Feds propose dropping songbird from endangered species list

Published 8:04 am Thursday, April 12, 2018

TRAVERSE CITY, Mich.  — The Kirtland’s warbler, a colorful songbird that was nearly wiped out by habitat loss and a wily rival, has bounced back and is ready for removal from the endangered species list, federal officials said Wednesday.

The U.S. Fish and Wildlife Service proposed dropping legal protections for the warbler but acknowledged efforts will be needed indefinitely to preserve jack pine stands where the birds spend summers and raise their young. They nest primarily in Michigan’s northern Lower Peninsula, although their range has widened to the Upper Peninsula, Wisconsin and Ontario as their numbers have risen. They migrate to the Bahamas for winter.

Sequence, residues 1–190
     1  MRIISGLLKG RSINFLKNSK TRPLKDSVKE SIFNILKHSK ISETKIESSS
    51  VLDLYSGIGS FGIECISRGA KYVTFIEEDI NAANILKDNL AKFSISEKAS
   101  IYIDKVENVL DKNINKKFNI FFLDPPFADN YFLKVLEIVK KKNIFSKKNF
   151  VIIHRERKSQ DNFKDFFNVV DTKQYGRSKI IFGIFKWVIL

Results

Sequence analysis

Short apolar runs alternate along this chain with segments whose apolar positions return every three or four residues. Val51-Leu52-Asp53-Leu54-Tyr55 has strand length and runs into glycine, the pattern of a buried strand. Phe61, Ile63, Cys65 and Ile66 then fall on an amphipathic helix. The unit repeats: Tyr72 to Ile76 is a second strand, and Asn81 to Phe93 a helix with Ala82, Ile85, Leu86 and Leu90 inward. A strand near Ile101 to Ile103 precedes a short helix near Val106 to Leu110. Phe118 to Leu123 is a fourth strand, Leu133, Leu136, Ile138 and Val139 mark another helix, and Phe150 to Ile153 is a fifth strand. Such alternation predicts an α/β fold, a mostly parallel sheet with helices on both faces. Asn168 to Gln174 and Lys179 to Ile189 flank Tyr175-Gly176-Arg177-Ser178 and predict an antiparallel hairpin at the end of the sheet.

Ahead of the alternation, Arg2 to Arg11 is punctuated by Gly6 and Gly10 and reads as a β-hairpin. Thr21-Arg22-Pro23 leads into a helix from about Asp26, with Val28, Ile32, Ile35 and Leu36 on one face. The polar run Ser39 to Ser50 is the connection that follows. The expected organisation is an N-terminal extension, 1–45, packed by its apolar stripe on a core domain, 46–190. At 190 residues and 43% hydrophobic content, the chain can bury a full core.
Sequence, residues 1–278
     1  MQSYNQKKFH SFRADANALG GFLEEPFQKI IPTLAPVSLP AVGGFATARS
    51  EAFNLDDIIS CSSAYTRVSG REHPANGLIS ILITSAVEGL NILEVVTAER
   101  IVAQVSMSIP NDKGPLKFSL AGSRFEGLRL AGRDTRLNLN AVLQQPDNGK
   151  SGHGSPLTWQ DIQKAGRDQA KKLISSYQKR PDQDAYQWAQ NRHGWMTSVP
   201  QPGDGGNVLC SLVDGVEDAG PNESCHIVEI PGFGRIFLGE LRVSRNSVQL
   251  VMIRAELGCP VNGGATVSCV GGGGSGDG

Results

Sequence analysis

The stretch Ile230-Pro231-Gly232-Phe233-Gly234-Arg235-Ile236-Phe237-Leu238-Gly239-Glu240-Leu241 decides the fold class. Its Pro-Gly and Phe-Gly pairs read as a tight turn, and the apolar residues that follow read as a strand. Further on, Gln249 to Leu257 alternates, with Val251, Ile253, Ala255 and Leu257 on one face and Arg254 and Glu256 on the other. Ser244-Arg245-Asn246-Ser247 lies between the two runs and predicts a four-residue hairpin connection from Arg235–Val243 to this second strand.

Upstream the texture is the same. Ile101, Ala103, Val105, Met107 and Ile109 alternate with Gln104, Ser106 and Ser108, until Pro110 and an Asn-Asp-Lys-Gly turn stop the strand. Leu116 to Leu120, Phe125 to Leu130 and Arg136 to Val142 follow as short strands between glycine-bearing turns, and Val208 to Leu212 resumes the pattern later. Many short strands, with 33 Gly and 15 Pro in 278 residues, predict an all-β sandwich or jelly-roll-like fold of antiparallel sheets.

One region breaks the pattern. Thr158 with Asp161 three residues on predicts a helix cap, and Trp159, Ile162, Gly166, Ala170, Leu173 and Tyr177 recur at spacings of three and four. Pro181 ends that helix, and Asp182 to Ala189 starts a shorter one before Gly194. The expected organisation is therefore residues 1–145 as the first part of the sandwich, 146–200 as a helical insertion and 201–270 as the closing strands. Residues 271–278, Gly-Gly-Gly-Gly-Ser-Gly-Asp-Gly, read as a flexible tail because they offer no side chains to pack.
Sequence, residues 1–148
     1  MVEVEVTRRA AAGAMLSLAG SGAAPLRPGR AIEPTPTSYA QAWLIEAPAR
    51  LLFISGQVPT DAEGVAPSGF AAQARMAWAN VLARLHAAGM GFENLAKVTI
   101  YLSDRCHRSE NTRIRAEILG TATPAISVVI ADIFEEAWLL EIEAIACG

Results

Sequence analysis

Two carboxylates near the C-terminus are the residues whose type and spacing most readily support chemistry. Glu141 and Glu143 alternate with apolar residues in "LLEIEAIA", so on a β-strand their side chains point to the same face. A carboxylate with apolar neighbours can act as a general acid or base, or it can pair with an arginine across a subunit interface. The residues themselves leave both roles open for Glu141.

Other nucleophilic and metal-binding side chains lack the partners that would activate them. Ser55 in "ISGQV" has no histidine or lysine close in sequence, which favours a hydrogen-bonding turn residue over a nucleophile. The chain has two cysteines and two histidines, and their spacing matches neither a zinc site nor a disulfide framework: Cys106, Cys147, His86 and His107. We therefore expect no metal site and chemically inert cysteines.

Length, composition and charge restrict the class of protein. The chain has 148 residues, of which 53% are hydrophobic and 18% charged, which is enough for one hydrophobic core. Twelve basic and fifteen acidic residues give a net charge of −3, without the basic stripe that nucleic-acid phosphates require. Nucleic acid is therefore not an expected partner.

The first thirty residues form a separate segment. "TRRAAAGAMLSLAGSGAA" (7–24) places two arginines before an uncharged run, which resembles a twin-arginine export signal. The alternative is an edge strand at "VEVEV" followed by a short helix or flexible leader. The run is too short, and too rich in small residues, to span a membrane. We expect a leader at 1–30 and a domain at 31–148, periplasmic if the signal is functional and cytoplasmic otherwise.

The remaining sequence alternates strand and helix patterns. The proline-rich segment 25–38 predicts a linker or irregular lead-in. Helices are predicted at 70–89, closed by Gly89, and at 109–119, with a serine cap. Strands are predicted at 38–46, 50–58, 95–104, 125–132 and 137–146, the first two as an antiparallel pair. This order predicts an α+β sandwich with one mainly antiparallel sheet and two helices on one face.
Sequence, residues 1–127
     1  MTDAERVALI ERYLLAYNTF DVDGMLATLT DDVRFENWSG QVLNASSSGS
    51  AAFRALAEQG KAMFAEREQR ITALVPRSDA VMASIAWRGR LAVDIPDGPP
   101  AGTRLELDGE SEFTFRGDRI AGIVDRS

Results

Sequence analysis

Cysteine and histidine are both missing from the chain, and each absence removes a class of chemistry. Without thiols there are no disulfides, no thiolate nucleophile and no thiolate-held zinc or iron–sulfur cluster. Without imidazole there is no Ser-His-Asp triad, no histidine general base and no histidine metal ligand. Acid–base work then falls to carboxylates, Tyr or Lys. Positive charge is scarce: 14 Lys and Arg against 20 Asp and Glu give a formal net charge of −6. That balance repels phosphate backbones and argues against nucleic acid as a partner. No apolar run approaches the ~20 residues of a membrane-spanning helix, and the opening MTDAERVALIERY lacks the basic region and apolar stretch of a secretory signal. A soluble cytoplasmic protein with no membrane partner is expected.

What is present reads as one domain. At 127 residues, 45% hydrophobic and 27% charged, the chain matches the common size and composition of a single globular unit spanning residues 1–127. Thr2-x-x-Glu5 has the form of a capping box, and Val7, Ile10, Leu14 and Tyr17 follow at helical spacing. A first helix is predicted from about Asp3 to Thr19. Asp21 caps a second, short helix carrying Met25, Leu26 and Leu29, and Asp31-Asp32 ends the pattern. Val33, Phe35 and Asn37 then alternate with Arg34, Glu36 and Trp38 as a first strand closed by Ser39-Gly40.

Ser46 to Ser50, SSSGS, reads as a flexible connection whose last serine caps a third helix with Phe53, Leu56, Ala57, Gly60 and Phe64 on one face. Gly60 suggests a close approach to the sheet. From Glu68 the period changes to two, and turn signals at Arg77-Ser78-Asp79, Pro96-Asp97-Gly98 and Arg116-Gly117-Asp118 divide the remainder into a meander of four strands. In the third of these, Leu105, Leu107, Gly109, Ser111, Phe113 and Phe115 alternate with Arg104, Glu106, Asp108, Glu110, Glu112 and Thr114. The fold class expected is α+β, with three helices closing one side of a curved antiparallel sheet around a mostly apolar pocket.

Another requirement will be continued vigilance against brown-headed cowbirds, which invade warblers’ nests and displace their babies.

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“Kirtland’s warblers were once on the brink of extinction and one of America’s rarest birds, but today they represent the power of partnership to recover imperiled wildlife,” said Tom Melius, the Fish and Wildlife Service’s Midwest regional director.

The agency will accept public comments on its proposal until July 11 and will have until April 2019 to make a final decision.